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I can agree with that for the most part. But remember, Terra fought Xehanort in a fit of rage, and either intended to beat the man within an inch of his life, or (more likely) kill him in revenge for murdering his master & "father" in cold blood right in front of him. It says a lot that Lingering Will was created from Terra's sole drive to take down Xehanort.

That said, Eraqus was mostly guiding his actions by the time he saw Xehanort again, so that likely quelled his anger at the moment.

Also, let's not forget that for as nice as Sora is, he's incredibly ruthless. He flat out murders most of the original Organization members on the spot, without even batting an eye or caring about their personal struggles (at the time), and they all did far less damage than Xehanort by comparison. Huh... Kinda makes me wonder why he didn't do the same to the old man in their fight. 🤔 Too tired maybe?
He did technically kill Xehanort though. The old man was already dying from the finishing laser beam by the time the other Guardians arrive
 

Twilight Lumiair

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He did technically kill Xehanort though. The old man was already dying from the finishing laser beam by the time the other Guardians arrive
Was he really? I thought he was still ready to fight up until Eraqus showed up and told him 'checkmate', but maybe I'm just misremembering. I never really understood what exactly was going on with Xehanort in that scene tbh.
 

Zettaflare

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Was he really? I thought he was still ready to fight up until Eraqus showed up and told him 'checkmate', but maybe I'm just misremembering. I never really understood what exactly was going on with Xehanort in that scene tbh.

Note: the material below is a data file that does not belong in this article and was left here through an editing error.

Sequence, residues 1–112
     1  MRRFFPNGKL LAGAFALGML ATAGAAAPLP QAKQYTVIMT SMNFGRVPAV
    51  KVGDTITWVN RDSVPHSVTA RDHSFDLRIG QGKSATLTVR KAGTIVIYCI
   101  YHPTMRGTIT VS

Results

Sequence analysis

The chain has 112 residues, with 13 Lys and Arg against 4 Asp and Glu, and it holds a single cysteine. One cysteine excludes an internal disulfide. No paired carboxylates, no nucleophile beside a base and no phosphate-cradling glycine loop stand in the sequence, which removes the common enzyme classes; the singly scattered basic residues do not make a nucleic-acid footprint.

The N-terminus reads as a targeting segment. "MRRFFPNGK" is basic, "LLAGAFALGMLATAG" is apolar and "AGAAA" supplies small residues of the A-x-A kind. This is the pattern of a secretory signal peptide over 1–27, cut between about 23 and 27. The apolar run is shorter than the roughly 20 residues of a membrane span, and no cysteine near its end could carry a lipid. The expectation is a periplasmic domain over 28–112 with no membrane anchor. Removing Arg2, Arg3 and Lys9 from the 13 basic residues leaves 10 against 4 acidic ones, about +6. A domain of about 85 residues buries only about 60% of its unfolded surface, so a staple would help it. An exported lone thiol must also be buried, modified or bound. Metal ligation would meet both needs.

Yeah. After he handed over the X-Blade to Sora he stumbled and grumbled in pain before Eraqus caught him. He looked ready to keel over
 

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The main issue I had with it was Eraqus's supposed forgiveness of him. You forgive those who are actually sorry about what they've done, not those who just stop doing it because they can't anymore.

Some people think of it as kindness, I see it as making light of the suffering that everyone, especially TAV, endured at Xehanort's hands.
 

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The main issue I had with it was Eraqus's supposed forgiveness of him. You forgive those who are actually sorry about what they've done, not those who just stop doing it because they can't anymore.

Some people think of it as kindness, I see it as making light of the suffering that everyone, especially TAV, endured at Xehanort's hands.
I don't really think of it as making light of anything. It wasn't like the conversations when people like Vanitas, Xemnas, or Ansem died. Were they all supposed to yell at the dying Xehanort "you deserve this for ruining our lives!" because after reading this thread, I actually thought about this and never really knew what I was expecting in Xehanort's final moments.
 

Zul

 
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I consider Eraqus making light of TAV's suffering by forgiving the man who inflicted that suffering upon them when MX didn't show an ounce of remorse or regret(regret at the harm his actions caused, not just failing to succeed at his plans).

I don't know about "yelling" at him, but Eraqus shouldn't have called him friend, or lent him a shoulder to lean on.
 

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I consider Eraqus making light of TAV's suffering by forgiving the man who inflicted that suffering upon them when MX didn't show an ounce of remorse or regret(regret at the harm his actions caused, not just failing to succeed at his plans).

I don't know about "yelling" at him, but Eraqus shouldn't have called him friend, or lent him a shoulder to lean on.
Especially considering Xehanort was the one who killed him. And honestly, has Eraqus ever been that patient or forgiving with anyone? He failed Terra after catching the slightest glimpse of darkness (which he suppressed), later threatened to kill Ven at the mere thought of him forging the Keyblade, and then attempted to kill both of them on the spot for resisting his attempted murder. I should think he'd hold more than a passing grudge for the man who scarred him, manipulated his students, and killed him while his back was turned.